Massey Energy Co., on the losing end of the U.S. Supreme Courtï¿½s recent Caperton v. Massey decision, is at the heart of a new bid for a West Virginia judge to step down from hearing a case on grounds of an appearance of impropriety.
Circuit Judge Michael Thornsbury of Mingo County, overseeing a major pollution lawsuit against Massey, is accused of failing to disclose a friendship with the company’s chief executive and of appointing a personal business partner as administrator of a medical monitoring fund, according to reports in the Charleston Gazette and the Associated Press
Kevin Thompson, a lawyer for hundreds of area residents, contended in court papers the situation amounted to “cronyism at its worst.”
Judge Thornsbury told the Charleston Gazette the allegations were unfounded and that he was not friends with Massey CEO Don Blankenship.
West Virginia judicial ethics has been getting attention around the nation. The high court was asked in Caperton whether a judge could be forced to step aside from cases involving major financial backers. In its landmark decision last month, the high court said that West Virginia Chief Justice Brent Benjamin wasï¿½constitutionally obligatedï¿½to recuse, becauseï¿½ Blankenship had spent $3 million to help elect him while appealing a case to overturn a $50 million jury award.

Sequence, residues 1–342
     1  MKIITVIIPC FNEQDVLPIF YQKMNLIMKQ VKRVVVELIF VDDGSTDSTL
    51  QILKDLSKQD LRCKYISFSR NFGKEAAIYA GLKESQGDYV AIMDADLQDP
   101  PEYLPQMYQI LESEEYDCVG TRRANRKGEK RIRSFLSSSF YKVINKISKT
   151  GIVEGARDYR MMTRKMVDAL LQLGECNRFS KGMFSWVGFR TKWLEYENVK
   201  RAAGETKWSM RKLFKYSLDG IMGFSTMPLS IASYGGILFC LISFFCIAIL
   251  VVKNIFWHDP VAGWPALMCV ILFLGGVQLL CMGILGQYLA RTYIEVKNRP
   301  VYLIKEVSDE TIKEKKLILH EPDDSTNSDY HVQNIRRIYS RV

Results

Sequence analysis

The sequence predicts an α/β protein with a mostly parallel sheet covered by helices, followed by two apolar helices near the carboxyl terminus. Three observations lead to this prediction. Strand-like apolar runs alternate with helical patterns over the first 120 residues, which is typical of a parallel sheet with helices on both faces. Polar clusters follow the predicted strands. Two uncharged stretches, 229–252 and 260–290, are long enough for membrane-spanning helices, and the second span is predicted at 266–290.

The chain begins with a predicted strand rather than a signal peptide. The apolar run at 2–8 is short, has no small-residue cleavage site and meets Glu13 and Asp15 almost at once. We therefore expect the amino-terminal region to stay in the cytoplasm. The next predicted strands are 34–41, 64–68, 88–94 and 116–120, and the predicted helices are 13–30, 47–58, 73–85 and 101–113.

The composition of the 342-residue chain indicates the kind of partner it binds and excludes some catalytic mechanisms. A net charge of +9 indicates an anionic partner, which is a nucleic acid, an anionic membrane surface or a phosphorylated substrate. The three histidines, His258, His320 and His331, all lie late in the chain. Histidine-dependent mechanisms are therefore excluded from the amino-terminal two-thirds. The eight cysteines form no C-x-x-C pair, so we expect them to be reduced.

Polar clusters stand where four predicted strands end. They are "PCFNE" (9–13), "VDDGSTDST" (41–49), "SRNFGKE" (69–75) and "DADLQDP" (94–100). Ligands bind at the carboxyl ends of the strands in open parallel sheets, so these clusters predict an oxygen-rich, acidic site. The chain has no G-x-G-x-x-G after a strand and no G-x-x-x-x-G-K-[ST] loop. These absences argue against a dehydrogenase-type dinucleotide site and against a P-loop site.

The latest recusal request reflects how ties between Blankenship and jurists continue to spark controversy. State Supreme Court Justice Elliott Maynard lost a primary in May after he was photographed on the French Riviera withï¿½ Blankenship.
In a related development, Massey has agreed to drop a lawsuit challenging West Virginiaï¿½s recusal law as unconstitutional, according to a Charleston Gazette news story.
The close relationships between Don Blankenship and West Virginia Supreme Court justices has been well-chronicled on Gavel Grab.